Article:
Damage limitation

Published January 4, 2015
AFP/File
AFP/File

NOW that the government has decided to take the plunge, the details still remain to be worked out. And, as ever, much of the devil lies in the details. Early drafts of the different pieces of legislation, including a constitutional amendment, that are needed to ready military courts to put on trial civilians accused of terrorism suggest that the government is attempting to protect some semblance of the fundamental rights it has decimated by maintaining the right to appeal to the superior judiciary for individuals convicted in military courts of the new offences being drawn up. If – if – the final legislation approved by parliament envisages such safeguards, it would suggest that the political class is at least aware of the disastrous consequences of allowing the military to completely usurp the judicial process. Anything that circumscribes, limits and tightly patrols the new military courts ought to be welcomed: the fewer the exceptions, the shorter the duration, the quicker the imminent constitutional deviation can be recovered from.

There is, though, a basic problem. In attempting to maintain a right of appeal while denying terrorism convicts the fundamental rights enshrined in the Constitution, the government — and parliament by extension – is trying to avoid a contradiction that cannot be avoided. In essence, there is a two-fold purpose in opting for military courts: ensuring a quicker, more streamlined process for anti-terrorism trials, and lowering the threshold of evidence needed to secure convictions. If the right to appeal is maintained, the government will be hoping that the superior courts will decide appeals based on the lower threshold of evidence, and fewer due-process and fair-trial protections, that military trial courts require, and not the higher threshold that the regular court system allows. But that will be up to the courts themselves to decide. Will the Supreme Court participate in a system that denies the superior judiciary the right to enforce fundamental rights while still allowing it to hear appeals of terrorists convicted in military courts? That only the SC can decide and the country will only know when the new system is in place and the laws are challenged and convictions appealed.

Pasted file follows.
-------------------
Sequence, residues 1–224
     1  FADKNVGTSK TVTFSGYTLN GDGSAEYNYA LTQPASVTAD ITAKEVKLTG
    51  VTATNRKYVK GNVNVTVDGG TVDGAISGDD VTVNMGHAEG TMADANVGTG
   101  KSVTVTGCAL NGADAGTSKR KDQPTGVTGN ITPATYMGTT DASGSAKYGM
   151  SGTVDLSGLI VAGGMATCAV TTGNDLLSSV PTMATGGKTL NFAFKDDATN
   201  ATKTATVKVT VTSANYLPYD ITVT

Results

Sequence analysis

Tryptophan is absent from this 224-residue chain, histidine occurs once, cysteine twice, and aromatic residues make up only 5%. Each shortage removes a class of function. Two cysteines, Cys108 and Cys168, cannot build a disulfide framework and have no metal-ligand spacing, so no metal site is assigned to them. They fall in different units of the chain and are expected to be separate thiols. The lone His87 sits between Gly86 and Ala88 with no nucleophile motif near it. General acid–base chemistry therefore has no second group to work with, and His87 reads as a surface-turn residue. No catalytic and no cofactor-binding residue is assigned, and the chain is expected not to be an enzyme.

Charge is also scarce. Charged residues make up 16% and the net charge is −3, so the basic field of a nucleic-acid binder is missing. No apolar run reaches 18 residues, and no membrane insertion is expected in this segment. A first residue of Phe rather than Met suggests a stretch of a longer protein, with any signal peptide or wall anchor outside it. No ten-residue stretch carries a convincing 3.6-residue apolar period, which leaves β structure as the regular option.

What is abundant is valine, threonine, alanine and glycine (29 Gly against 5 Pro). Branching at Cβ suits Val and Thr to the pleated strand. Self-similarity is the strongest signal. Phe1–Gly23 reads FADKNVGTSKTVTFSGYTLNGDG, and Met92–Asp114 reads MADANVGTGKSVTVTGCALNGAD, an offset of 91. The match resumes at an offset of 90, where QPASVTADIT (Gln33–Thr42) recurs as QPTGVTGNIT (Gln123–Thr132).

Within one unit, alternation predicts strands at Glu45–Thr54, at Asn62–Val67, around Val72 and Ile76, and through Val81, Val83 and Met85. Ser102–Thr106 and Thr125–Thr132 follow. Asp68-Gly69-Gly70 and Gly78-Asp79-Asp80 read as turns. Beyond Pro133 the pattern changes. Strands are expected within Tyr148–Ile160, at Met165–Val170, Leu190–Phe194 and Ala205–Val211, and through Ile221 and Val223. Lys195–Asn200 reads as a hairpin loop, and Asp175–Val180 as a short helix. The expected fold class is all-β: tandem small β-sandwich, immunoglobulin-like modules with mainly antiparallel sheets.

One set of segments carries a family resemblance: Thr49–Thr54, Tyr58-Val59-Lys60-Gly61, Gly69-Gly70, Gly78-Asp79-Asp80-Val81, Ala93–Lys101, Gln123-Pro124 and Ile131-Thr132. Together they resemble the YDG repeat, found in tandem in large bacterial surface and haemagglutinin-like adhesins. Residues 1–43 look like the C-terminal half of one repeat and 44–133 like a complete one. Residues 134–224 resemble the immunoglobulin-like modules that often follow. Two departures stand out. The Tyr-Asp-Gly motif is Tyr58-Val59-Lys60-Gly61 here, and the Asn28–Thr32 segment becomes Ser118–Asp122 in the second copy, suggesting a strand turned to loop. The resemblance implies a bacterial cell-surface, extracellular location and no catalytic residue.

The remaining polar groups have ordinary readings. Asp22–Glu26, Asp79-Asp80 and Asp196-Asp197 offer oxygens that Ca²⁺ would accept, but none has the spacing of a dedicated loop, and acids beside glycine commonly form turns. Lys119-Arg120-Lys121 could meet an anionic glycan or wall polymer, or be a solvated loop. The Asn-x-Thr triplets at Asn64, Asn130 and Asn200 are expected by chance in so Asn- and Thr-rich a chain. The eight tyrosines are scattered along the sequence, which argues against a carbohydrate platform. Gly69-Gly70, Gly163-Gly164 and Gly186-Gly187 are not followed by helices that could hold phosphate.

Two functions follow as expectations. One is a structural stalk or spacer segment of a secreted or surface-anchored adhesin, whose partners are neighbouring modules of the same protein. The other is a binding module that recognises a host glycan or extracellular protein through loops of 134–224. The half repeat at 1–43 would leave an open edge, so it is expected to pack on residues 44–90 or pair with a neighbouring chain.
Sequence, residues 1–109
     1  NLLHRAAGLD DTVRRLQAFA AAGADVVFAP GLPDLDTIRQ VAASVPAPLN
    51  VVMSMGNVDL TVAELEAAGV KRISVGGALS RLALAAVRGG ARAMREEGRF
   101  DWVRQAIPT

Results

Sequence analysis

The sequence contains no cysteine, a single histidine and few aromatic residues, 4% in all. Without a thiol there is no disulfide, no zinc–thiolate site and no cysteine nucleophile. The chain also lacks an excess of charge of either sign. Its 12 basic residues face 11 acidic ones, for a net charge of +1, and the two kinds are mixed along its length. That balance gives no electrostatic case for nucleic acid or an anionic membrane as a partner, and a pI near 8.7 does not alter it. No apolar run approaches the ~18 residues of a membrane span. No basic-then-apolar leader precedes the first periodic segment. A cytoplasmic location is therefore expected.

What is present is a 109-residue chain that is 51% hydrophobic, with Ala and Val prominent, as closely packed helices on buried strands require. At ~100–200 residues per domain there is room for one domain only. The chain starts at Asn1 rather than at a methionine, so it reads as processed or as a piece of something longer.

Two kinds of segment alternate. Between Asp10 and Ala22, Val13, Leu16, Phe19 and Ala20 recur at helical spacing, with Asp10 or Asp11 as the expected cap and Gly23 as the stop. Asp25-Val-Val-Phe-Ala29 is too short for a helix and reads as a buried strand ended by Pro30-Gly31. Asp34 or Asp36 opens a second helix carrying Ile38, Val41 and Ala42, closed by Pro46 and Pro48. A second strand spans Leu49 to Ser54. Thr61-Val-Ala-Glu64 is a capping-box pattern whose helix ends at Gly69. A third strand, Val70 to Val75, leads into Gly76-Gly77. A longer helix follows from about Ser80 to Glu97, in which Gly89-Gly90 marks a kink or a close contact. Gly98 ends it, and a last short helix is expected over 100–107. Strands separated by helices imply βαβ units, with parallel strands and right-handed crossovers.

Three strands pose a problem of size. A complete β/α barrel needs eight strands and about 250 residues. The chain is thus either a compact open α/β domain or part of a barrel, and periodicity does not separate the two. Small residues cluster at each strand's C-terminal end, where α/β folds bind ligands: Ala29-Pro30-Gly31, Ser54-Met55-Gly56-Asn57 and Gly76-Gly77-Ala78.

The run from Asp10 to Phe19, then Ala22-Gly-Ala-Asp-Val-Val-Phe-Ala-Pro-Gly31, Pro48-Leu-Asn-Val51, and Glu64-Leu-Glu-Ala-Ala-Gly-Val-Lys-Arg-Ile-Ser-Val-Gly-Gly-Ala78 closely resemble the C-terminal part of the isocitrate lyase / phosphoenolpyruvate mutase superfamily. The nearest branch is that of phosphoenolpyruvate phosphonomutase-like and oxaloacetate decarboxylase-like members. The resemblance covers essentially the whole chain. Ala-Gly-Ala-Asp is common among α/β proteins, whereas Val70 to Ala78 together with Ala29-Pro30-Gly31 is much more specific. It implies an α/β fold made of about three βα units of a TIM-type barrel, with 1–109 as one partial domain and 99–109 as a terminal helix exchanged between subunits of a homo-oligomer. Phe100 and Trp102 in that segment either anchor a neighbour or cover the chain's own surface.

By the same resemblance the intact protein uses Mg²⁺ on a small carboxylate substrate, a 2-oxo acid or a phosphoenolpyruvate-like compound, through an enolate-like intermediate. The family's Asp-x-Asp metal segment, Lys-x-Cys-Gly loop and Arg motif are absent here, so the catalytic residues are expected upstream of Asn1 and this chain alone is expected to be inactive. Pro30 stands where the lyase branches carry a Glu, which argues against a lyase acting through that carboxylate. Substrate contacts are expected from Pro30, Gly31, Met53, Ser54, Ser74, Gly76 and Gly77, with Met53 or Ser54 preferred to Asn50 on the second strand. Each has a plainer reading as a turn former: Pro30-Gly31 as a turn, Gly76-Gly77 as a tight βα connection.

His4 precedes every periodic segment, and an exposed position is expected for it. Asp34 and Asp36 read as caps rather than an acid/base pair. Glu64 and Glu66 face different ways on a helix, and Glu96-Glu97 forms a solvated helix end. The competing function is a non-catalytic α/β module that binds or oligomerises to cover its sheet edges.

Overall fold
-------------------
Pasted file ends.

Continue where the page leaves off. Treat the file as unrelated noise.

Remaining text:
In truth, now that the government — the entire political class, really — has acquiesced to the military’s demand for expanded military courts, the only thing it can really do to try and return to a fundamental rights regime in the quickest timeframe is to reform and improve the criminal justice system, the state prosecution service and the police investigation process. Two years is what the army has demanded for expanded military courts. Two years should also be the time the government takes to ready the normal judicial process to deal with the terrorism threat inside the country. It can be done. But only if the government gets serious about governance and reforms.

Published in Dawn, January 4th, 2015

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